Results are coming in from the 2012 local elections in England and Wales, and all indications are that Labour are making significant gains at the expense of the coalition parties.
With about half of the English and Welsh councils declared the results are starting to look particularly embarrassing for David Cameron, who has seen Labour make gains in Tory heartlands. Elsewhere Nottingham, Manchester and Coventry all voted No to the PM's plan to have elected Mayors. A referendum on in Birmingham is likely to produce the same result.
By 7:00 on Friday morning Labour had gained more than 450 council seats in England - while the Tories had lost over 250 seats and the Lib Dems had lost nearly 130 councillors. Turnout was projected to be 32% - a disturbingly low figure, even for local elections.
Labour were up by nearly 100 councillors in Wales, the Tories were down 30 and the Lib Dems down 25. Paid Cymru were down 12 councillors.
Key councils such as Thurrock, Harlow, Southampton, Birmingham, Norwich, Great Yarmouth and Chorley fell to Labour.
The Prime Minister was also embarrassed by losses in his Oxfordshire constituency - with Labour taking the seats of Witney Central, Witney East and Chipping Norton.
Labour also won the Liverpool Mayoral election - with Joe Anderson, a former leader of the council - winning by a landslide.
Andy Sawford from the local government think-tank LGiU told HuffPost on Friday morning: "Ed Miliband has hugely strengthened his leadership of the Labour party, having won more than the number of seats and councils that were predicted at the half way stage, with more counts to come today.
"Crucially though he will point to the correlation between council gains and the key marginals that Labour needs to win if it is to have a chance of forming the next government."
But it wasn't all plain sailing for Ed Miliband - shortly after 5am the Labour leader of Bradford Council lost his seat to a Respect party candidate. The party gained five seats overall - the council remains under no overall control.
Although the rain has held off in London for most of the day, Thursday was a washout across much of the Midlands - torrential downpours in places like Nottinghamshire and Derbyshire could suppress what's widely predicted to be a low turnout.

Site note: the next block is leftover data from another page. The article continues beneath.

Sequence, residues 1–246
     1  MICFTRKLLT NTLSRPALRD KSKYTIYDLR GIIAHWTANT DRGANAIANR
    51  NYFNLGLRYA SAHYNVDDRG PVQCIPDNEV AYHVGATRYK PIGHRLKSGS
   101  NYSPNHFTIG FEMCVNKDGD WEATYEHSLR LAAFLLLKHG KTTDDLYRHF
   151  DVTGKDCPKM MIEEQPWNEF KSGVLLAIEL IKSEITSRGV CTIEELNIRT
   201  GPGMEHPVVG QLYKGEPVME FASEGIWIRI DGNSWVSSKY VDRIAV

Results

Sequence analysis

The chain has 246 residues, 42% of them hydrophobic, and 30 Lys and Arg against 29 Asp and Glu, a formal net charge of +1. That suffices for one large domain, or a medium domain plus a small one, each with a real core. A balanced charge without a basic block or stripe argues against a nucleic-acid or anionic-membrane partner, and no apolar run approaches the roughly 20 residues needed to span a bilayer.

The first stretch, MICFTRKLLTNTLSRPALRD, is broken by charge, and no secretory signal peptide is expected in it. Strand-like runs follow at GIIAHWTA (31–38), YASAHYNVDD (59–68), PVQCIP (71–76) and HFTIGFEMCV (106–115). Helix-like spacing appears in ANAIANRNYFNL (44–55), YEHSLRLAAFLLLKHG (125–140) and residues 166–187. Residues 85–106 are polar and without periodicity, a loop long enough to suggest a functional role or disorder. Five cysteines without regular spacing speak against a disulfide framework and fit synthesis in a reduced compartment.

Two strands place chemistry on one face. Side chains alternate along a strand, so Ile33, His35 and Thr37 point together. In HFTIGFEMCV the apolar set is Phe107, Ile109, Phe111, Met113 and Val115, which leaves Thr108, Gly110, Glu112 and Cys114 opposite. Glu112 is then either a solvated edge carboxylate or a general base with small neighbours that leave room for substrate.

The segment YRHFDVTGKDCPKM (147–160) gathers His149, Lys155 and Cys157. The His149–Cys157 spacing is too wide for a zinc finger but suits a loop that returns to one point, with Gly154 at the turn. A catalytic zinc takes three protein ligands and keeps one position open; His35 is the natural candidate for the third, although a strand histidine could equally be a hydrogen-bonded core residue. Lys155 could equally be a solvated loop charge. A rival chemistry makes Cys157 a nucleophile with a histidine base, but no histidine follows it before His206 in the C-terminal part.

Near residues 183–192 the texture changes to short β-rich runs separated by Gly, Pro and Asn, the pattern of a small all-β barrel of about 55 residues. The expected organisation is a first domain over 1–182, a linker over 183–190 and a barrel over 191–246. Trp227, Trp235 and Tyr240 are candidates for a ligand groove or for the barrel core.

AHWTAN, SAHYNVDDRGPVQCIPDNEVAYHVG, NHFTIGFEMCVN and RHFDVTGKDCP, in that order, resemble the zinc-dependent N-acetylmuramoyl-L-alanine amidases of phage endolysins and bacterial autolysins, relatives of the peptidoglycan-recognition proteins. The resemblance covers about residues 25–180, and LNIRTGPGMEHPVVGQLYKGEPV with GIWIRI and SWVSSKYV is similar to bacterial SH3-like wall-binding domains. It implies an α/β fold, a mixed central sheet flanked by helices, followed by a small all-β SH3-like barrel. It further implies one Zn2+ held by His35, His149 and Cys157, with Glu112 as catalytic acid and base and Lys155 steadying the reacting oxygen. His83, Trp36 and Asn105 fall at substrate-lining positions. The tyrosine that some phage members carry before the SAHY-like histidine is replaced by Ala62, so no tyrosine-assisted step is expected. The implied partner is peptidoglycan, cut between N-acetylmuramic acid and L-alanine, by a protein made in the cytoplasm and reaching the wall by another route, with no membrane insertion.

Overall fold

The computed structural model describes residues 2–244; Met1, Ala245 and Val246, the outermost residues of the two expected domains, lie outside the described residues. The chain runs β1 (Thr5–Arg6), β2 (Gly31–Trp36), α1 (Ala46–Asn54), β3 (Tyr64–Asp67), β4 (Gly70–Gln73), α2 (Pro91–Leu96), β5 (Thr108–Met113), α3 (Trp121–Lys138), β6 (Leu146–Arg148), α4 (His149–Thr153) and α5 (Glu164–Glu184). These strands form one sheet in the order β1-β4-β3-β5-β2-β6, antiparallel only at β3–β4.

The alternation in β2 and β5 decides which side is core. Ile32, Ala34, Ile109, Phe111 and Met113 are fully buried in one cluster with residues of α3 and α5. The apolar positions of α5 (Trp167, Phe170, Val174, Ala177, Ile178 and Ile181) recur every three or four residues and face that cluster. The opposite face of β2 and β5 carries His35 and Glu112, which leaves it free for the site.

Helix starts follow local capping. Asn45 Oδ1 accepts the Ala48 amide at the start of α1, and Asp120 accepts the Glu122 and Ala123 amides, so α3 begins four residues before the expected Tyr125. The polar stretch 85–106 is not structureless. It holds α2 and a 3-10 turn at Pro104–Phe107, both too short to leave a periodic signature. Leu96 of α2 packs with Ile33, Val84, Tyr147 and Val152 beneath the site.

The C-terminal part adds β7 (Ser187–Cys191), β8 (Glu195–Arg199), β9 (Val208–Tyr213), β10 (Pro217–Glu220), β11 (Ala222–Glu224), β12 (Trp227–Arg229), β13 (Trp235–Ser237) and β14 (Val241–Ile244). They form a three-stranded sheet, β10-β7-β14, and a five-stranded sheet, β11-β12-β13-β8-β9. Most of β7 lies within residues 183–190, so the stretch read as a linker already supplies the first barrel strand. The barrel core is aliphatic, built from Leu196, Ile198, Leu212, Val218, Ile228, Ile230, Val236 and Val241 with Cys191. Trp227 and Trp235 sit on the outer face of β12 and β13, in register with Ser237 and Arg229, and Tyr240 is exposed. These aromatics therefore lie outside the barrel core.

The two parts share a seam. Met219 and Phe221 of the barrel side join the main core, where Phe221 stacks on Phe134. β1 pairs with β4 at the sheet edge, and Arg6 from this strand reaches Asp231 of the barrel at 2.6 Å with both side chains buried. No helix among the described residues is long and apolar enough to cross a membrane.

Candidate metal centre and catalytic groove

Austerity measures mean that many councils are not counting votes overnight - about a third are holding off until later on Friday morning, as is London and every count in Scotland.
So it's going to be a long process of drip-drip results. The narrative - we expect - is for the Tories and Lib Dems to suffer bad headlines first thing in the morning, when it will become clear they're on course to lose hundreds of council seats.
But Labour will not be crowing. In addition to their problems in Bradford, it could easily be their turn to feel the wrath of voters later in the day when the results of the London and Glasgow elections come in. Many fear that Ken Livingstone is going to lose out against Boris Johnson, and that Glasgow Council, the so-called "jewel in the crown" of Labour's local powerbase, could be lost to an SNP surge.
There was another setback for Labour in Bradford, when the party's council leader was defeated by a Respect candidate. The result emulated George Galloway's shock success in last month's parliamentary by-election.
A BBC projection of the national results suggested that Labour received 39% of the vote, the Tories 31%, Lib Dems 16% and others 14%.
Voting in the London Mayoral Election begins at 8:45am - with a declaration expected by Friday evening.
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